Our culture. We are lifelong learners who want to have a positive impact on the world through learning. We pride ourselves on our high levels of empathy, striving to treat people the way we would like to be treated. We believe in the well-being of our teammates and encourage everyone to take restorative time off.
Commitment. We have women and underrepresented talent on the team already and our executive team is committed to further broadening our diversity of perspectives.
What do you love most about working at Appsembler?
HK: Our culture. This is the most supportive, empathetic, talented, interesting, and fun team I've ever been a part of. This is made even more remarkable by the fact that we are fully distributed. We have differences of opinion, as one does in any organization, but they are always respectful, focused on building a platform and helping customers, and never personal.
What does the interview process at your company look like and how long does it usually take?
HK: Interviews are conducted via video conferencing because Appsembler is a 100% distributed team.
The process generally includes an initial interview with the hiring manager; interviews with team members from; other departments, and a final interview with the CEO.
What's a hot tip about your interview process that PowerToFly members can know?
HK: Appsembler offers a free trial of our SaaS platform. Anyone interested in joining Appsembler should sign up for one and spend some time with the platform.
Increase company-wide visibility, connect through video, and generally keep your team on the same page, even across time zones
Below is an article originally written by Matt Haughey at PowerToFly Partner Slack, and published on November 15, 2018. Go to Slack's page on PowerToFly to see their open positions and learn more.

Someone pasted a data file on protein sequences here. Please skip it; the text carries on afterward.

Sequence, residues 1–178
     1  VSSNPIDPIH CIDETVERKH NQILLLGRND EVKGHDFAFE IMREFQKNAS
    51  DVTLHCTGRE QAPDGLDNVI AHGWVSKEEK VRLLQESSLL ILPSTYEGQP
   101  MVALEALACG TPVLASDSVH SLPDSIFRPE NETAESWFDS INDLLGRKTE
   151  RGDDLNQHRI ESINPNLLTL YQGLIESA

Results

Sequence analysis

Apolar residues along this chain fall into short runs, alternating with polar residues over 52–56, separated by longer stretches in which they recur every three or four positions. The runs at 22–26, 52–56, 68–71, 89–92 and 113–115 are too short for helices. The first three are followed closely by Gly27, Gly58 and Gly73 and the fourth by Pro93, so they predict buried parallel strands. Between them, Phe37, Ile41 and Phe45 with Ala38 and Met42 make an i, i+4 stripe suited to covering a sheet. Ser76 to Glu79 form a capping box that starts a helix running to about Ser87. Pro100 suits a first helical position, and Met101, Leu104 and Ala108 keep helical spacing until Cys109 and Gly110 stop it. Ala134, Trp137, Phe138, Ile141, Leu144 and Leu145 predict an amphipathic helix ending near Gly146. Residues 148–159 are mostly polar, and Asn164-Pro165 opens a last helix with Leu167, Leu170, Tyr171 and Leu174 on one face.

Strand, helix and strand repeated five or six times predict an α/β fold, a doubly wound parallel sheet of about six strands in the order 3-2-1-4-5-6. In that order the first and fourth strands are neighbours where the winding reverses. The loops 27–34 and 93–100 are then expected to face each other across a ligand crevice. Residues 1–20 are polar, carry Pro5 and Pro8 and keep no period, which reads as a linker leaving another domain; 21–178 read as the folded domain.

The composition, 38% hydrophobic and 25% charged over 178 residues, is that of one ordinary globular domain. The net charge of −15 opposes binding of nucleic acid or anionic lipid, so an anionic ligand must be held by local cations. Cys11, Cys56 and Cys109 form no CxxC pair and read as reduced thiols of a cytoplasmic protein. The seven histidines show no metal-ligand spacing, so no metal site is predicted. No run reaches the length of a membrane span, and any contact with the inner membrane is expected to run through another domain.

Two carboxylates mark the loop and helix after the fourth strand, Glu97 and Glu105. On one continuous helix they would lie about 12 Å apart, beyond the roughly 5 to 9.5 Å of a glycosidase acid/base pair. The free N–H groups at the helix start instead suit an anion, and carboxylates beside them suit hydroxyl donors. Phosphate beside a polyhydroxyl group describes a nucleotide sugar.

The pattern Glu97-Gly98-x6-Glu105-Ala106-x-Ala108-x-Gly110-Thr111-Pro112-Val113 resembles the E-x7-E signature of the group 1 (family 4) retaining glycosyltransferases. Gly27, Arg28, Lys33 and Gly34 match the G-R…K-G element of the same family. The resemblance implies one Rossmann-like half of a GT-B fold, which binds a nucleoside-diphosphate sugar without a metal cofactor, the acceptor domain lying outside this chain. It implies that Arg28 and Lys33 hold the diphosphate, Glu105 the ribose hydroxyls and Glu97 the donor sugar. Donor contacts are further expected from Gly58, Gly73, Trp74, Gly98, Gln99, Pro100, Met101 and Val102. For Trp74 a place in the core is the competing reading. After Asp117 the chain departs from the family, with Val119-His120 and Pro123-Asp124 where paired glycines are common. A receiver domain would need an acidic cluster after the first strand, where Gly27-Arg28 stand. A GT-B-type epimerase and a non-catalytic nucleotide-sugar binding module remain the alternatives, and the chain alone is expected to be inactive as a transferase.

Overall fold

Remote work is increasingly going from a luxury to a workplace norm: 43% of employed Americans said they spent at least some time working remotely in 2016, while 70% of the global workforce is now doing so once a week. Then there are distributed teams. As growing firms open new offices, you might be working with people in Lagos, New York City, or Shanghai, as well as across town.
Today, many of these far-flung colleagues are working together in Slack. With a few extra considerations, however, remote teammates can not only collaborate, but shorten the distance between them too.
The importance of trust and visibility
After talking to dozens of people in different industries about how they use Slack across distances, the topic of trust came up early and often in our conversations. Working with remote or distributed colleagues requires trust and creative thinking from all parties.
In the previous century, managers could track how many hours their employees sat at an office desk near them. Today, those metrics could be replaced by lines of code written, number of help tickets resolved, or number of pieces produced, but it's important to figure out ways to accurately and fairly measure the effectiveness of employees, regardless of their location.
For this reason, visibility is a key aspect Slack can provide to distributed teams. A well-organized, transparent Slack team with channels arranged by topic and projects makes it easier to see everyone's output, even those far from headquarters. When remote workers post as often to Slack as their onsite counterparts, chances are they're being just as productive.
Slack integrations can also help promote visibility among your remote and distributed employees:
- Programming tools like Github and Jira let engineering managers see the output of all their developers, wherever they may be.
- File and document apps like Google Drive and Dropbox let marketing teams keep tabs on everyone's work.
- For those in customer support, tools like Zendesk and Intercom can report into relevant Slack channels, letting managers see how well their help center team is faring around the globe.
Meanwhile, things like daily stand-up meetings can give every member of a team visibility and take place entirely in Slack.
Shortening distances with video
Every remote and distributed worker we interviewed relies heavily on video conferencing to maintain face-to-face connections with their team. Slack comes with its own built-in audio and video features. If your team prefers other tools, there are apps available from popular services like Zoom, Google Hangouts, and BlueJeans that also make it easy to start a video conference from Slack whenever you need one.